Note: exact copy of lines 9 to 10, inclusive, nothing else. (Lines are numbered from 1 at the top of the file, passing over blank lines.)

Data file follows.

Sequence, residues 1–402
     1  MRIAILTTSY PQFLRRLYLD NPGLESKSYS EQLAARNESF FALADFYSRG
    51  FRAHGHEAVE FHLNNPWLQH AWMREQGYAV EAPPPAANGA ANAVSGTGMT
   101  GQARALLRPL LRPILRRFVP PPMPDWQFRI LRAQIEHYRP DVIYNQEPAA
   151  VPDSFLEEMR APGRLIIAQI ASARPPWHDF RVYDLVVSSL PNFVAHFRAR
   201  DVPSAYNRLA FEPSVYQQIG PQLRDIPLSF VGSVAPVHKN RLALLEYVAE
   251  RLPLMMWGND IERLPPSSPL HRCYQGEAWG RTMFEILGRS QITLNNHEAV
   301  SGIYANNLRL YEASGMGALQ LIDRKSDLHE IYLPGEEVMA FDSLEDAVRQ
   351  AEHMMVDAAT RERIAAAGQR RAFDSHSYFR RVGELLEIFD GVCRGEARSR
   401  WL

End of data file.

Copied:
   351  AEHMMVDAAT RERIAAAGQR RAFDSHSYFR RVGELLEIFD GVCRGEARSR
   401  WL